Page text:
Jill Finlayson, SocialEdge
As Visting Scholar at the Packard Foundation, it's been a living laboratory, learning about social media and networks in a philanthropy context. The conversations about what constitutes an effective nonprofit social media strategy have been thought provoking.
In the last few weeks, I've an opportunity to present and participate in conversations about social media, nonprofits, and foundations with those who work in philanthropy. I did a presentation for a group of Bay Area population research funders along with Scott Swenson, editor of HR Reality Check. The most interesting question was "What should funders think about to encourage effective social media strategy best practice?"
Last week I facilitated a workshop in Michigan for the chapter leaders of EPIP which stands for Emerging Practitioners in Philanthropy and again this week for the Bay Area Chapter. A theme that comes up in these discussions in way or another is the question, "Social media for external communications makes a lot of sense for nonprofits that are advocating, fundraising, or marketing something - but what if the Foundation isn't doing that or 'selling anything.' How to or if to use social media?"
I've been thinking about that question a lot. Foundations have the opportunity to spread thought leadership through social media channels. Jill Finlayson from Social Edge at the Skoll Foundation pointed to a discussion about using Twitter for social entrepreneurs and I think some of the points could more broadly inform a strategy for thought leadership via social media channels. And these are a translation of social media nonprofit best practices.
1. Learning: A fast and flexible learning strategy that encourages listening for learning - both at the organizational level and professional/individual level. It's tracking what people are saying about the Foundation, its programs, and the issues and grantees supported. It's about field scanning, pattern analysis, and trends. There are barriers to listening- information overload, honoring professional learning as work, and getting comfortable with the tools - but these can be overcome.
2. Engaging: Once systems are in place to listen and it is embedded the work flow, the learning has to be porous. Engagement begins but through social media channels. Convening the conversation with grantees, with colleagues, with the field - is something that foundations are already doing and it can be could be done effectively through social media. People who work at foundations are experts in asking reflective questions, sharing new insights, whole systems thinking -- why not have this learning leak out to the field through Twitter or Facebook? There are challenges to navigate - which is the line between personal/organizational voice, using online to enhance and extend face-to-face relationships (not replace), and keeping sensitive conversations private when they need to be.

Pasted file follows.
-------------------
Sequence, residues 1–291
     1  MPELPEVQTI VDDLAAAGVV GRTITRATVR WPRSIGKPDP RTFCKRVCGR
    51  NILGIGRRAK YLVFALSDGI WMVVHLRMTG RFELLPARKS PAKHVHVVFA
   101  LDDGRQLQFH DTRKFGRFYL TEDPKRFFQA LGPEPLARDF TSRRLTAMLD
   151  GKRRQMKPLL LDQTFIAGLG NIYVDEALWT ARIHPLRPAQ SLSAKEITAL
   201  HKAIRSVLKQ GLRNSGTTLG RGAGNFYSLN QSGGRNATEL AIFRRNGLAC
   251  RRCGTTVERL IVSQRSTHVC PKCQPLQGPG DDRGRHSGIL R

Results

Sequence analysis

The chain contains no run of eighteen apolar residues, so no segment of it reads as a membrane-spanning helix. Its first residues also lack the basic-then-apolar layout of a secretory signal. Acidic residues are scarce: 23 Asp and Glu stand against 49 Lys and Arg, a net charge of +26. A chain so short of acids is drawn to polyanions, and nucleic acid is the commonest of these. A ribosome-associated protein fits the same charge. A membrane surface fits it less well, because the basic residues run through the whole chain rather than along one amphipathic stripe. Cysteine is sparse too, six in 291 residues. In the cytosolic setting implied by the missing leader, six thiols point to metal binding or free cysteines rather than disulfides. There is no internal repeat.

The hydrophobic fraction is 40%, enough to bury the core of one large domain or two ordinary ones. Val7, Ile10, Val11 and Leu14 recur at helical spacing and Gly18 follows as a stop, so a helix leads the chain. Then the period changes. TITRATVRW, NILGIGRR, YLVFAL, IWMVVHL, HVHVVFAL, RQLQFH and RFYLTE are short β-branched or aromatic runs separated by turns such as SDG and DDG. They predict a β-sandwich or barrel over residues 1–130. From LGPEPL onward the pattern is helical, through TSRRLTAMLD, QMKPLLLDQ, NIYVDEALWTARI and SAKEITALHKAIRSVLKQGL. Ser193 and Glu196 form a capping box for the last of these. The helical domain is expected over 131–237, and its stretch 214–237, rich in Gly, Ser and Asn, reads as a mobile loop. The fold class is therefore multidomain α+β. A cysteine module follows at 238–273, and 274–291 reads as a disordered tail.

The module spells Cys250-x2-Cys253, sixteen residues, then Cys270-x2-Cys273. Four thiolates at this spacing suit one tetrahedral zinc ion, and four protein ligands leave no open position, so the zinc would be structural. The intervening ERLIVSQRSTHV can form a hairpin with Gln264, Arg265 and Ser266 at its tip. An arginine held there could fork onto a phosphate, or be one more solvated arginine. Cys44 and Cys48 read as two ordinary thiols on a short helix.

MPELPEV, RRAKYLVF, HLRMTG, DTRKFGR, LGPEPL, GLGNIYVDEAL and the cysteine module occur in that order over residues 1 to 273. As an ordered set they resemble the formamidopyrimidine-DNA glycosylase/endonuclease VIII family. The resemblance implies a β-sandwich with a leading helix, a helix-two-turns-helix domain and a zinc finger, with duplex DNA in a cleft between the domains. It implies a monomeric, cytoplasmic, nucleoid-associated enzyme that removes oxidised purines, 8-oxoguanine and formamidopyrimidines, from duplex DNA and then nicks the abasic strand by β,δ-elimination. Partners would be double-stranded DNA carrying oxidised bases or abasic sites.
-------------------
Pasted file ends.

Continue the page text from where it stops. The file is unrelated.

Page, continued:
3. Sharing Insight: This is educating through sharing ideas, research, trends, best practices, and other content with colleagues, grantees, and the field. This is already being done through other channels - whether staff is speaking/attending conferences, publishing articles in journals, conversations with grantees or experts in the field, posting white papers and research on the web site. With my short time Scholar in Residence, I've been exposed to a gold mine of incredible thinking, discussions, and resources on topics related to my field. Nothing proprietary or sensitive, just that I've been exposed to papers, studies, links, thought provoking articles. Why not have those items shared more broadly?
Foundation people also have a good lens - so looking through the streams and sharing the best resources would save people time. All that needs to happen is a content strategy to have these valuable insights shared through social media channels. Why keep them locked up? There are barriers - mostly having a clear understanding and policy about outward facing communications and feeling comfortable.
A few days ago, I came across an interesting article about how to Tweet your corporate culture - and it struck me that the points might lead to a content strategy for tweeting thought leadership.
- Share history (Detroit Foundation)
- Talk vision and mission (Robert Wood Johnson Foundation)
- Share important research (Kauffman Foundation) (Hewlett Foundation)
- Retweet useful links shared by colleagues (Greater Cincinnati Foundation)
- Recruit job candidates (MacArthur Foundation)
- Important program deadlines (Hawaii Community Foundation)
- Reveal field insights (Columbus Foundation) (Case Foundation)
- Recognize employees or fellows (Kellogg Foundation)
- Profile grantee success or support their efforts (CF Community Foundation)
- Be responsive (Skoll Foundation)
- Ask questions about the future (Cleveland Foundation)
- Answer questions about the future (Knight Foundation)
How can you use social media to spread thought leadership?
How can you use social media to make your organization's learning more porous?